Helen Rockliff currently lives in Bristol and has just completed a research doctorate exploring stress and emotion during in vitro fertilisation treatment.
Helen read medical sciences at the University of Birmingham, where an opportunity to specialise in neuropharmacology sparked her fascination with how the brain works, from molecular interactions to social behaviour. Following graduation in 2003, she pursued this interest working for a Mental Health Care Team in Derbyshire. This opportunity gave her a broad working knowledge of hospital and home based psychiatric treatment in the UK. However many questions about the causes of mental illness remained answered. Seeking a more complete understanding she joined the Mental Health Research Unit (MHRU) in Derby, where she learned about theories of depression, focusing on the role of self-criticism in its development, and compassion in its prevention and cure. She then specialized in researching biological responses to compassionate emotions, aided by the pursuit of a masters degree in neuroimaging (FMRI scanning) at Aston University. After looking into the effects of oxytocin on peoples’ responses to receiving compassion at Southampton University, Helen moved to Bristol, where she is currently exploring the emotional challenges of infertility and the impact of psychological stress on in vitro fertilisation success rates.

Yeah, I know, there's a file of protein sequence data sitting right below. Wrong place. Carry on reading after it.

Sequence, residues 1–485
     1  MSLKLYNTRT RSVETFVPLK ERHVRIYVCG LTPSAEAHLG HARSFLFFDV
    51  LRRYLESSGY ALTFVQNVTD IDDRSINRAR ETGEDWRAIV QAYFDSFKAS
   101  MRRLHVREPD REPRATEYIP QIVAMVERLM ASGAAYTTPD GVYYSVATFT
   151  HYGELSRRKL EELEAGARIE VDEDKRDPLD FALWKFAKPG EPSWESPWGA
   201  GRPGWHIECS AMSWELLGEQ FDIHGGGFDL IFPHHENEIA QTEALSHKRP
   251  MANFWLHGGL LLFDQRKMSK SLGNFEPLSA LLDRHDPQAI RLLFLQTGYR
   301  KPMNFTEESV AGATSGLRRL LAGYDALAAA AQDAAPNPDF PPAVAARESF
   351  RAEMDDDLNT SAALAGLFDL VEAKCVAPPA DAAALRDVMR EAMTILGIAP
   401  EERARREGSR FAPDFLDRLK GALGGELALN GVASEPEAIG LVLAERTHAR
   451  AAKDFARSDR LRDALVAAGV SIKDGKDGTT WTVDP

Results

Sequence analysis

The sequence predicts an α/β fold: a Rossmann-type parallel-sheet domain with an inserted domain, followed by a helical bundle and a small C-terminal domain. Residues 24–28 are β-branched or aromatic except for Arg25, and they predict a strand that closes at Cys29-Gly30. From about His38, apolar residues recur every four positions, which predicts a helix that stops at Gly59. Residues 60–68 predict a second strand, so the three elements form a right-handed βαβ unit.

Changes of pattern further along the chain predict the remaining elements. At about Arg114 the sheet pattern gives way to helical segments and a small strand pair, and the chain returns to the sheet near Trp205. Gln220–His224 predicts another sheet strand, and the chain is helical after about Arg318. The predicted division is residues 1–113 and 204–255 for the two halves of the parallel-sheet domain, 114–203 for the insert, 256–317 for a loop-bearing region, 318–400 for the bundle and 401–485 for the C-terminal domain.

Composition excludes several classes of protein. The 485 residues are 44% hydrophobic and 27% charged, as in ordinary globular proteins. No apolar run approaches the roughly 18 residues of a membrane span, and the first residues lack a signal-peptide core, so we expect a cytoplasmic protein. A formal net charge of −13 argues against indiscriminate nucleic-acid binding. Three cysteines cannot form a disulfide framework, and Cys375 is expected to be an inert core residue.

Abstracts this author is presenting: